Any reform of the U.S. health care system, which constitutes nearly 18 percent of the economy, would no doubt face significant opposition. Under normal circumstances, passing such legislation would be a monumental challenge. Yet the global pandemic and the rash of newly uninsured may present an opportunity. While COVID-19 costs for the uninsured are not explicitly covered by current legislation, it is reasonable to expect this population’s care will ultimately be subsidized by the federal government. How the government approaches this task will have important implications for the health outcomes of uninsured COVID patients and the total cost to taxpayers.

While policymakers should certainly consider the (likely significant) cost of any reform, the COVID-19 pandemic is an important reminder that there can be a significant cost associated with doing nothing. The inefficiencies driven by the country’s high uninsured and underinsured rates are likely compounded in the time of a public health crisis. For example, even prior to the current pandemic, medical bills were a significant contributor to household debt. In addition to the financial uncertainty this brings for patients, hospitals and other providers face uncertainty in terms of how much of the care they provide will be paid for. One conservative estimate (in that it assumes uninsured rates prior to the pandemic, which will no doubt increase) projects that the cost of COVID-19 treatment for the uninsured could reach $41.8 billion, or over 40 percent of the $100 billion allocated for hospitals by the CARES act.

Public Support for Healthcare Reform Increases During COVID-19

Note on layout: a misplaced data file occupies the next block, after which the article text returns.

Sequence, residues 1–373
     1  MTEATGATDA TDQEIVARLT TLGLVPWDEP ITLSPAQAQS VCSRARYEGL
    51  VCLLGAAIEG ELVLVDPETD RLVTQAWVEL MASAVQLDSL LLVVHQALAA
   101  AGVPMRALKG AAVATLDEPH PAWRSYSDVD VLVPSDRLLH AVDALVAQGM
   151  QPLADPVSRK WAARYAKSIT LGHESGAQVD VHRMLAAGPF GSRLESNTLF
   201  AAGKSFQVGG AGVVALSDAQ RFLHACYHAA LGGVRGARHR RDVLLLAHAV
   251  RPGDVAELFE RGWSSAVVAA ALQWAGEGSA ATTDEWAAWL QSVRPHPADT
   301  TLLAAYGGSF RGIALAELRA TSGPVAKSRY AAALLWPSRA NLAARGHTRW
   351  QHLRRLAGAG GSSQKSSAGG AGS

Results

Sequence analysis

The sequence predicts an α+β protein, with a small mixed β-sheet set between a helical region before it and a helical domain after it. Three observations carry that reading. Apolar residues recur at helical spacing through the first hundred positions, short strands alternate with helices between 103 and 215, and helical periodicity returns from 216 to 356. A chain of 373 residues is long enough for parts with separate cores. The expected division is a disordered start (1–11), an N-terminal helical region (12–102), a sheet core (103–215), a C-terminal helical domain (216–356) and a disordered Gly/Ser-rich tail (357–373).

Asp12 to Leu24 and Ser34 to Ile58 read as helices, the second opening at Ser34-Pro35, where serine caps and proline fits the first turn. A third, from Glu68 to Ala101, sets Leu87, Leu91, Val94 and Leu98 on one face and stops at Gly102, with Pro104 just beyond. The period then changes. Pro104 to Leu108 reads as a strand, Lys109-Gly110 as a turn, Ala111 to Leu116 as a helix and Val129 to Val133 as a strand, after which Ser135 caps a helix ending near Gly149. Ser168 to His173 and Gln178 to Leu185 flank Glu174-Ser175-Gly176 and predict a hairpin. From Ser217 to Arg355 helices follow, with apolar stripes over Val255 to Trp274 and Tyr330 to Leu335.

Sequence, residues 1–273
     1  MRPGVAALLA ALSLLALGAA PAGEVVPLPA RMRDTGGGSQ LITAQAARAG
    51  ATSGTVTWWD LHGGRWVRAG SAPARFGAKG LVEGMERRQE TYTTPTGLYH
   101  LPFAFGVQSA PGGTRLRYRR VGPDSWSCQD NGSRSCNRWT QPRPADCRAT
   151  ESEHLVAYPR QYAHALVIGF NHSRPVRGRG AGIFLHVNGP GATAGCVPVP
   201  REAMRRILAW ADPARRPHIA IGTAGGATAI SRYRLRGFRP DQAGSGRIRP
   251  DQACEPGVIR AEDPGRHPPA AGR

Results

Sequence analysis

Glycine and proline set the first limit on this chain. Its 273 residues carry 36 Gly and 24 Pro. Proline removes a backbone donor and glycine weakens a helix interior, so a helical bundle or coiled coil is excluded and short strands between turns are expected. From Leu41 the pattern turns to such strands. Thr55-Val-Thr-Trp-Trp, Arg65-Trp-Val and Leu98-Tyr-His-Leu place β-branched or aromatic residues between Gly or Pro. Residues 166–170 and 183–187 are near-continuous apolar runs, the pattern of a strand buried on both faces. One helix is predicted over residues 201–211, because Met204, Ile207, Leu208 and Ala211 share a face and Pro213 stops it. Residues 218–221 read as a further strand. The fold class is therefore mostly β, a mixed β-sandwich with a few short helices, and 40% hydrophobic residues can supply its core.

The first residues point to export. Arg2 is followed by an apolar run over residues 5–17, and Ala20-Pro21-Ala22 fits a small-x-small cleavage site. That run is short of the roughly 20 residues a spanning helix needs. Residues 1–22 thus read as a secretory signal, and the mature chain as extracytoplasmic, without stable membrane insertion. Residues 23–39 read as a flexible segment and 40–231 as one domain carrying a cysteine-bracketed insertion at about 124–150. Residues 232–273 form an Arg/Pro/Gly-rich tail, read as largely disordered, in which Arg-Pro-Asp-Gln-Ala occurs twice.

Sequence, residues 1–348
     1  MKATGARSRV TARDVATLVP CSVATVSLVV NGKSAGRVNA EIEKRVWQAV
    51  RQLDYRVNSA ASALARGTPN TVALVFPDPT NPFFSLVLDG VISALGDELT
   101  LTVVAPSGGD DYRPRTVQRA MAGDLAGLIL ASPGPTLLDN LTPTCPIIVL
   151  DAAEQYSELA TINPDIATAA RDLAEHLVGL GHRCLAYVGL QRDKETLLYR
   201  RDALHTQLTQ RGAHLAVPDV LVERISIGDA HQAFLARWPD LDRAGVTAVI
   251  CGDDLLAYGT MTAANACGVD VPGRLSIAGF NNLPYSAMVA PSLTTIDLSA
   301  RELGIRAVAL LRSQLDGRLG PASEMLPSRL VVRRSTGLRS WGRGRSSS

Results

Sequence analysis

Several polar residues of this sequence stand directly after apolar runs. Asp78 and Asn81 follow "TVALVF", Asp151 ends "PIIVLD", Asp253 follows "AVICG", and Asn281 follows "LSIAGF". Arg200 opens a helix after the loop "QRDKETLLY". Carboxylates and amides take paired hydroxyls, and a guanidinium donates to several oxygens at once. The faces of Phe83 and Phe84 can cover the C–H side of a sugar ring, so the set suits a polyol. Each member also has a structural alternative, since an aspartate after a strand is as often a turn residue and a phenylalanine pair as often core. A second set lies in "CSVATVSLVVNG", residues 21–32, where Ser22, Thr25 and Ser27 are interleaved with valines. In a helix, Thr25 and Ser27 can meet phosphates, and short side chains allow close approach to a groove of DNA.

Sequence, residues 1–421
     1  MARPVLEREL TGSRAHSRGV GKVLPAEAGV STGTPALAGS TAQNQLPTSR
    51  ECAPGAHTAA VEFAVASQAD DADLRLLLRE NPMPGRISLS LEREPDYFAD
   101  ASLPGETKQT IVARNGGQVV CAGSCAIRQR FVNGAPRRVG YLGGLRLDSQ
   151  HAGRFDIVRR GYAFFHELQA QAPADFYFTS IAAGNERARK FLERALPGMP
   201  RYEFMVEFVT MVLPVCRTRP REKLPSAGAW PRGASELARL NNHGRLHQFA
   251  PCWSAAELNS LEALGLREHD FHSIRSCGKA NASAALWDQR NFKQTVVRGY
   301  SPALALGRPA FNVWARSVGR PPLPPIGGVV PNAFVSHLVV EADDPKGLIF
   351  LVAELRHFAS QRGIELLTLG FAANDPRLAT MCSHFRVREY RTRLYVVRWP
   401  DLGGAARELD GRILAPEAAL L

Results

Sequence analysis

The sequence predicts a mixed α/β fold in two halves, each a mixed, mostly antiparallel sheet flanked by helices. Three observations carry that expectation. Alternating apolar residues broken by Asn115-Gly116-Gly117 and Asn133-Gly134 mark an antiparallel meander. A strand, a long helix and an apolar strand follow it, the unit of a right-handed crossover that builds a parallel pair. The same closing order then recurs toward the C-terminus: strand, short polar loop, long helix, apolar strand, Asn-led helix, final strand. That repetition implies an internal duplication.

A comprehensive health care reform presents an opportunity to provide both care and financial certainty to the uninsured, including those impacted by COVID-19. Still, major barriers to reform exist. Prior to the pandemic, public support for the Affordable Care Act was estimated to be near its highest level, and Medicare for All and a public option also enjoyed majority support. No major reforms were passed in this context, and it remains unclear whether the clinical and economic challenges presented by the COVID-19 pandemic will change that landscape in a meaningful way.

Although it is too early to draw conclusions, indications are that support may be increasing with the pandemic. One recent poll found that 41 percent of Americans say the COVID-19 pandemic makes them more likely to support government-mandated health care. It is possible that the perception of the pandemic as a temporary emergency will temper policymakers’ appetite for more comprehensive reforms. However, the pandemic has also exacerbated systemic issues that existed long before COVID-19. Could this be the nudge the U.S. health care system needs to embrace major change? Only time will tell.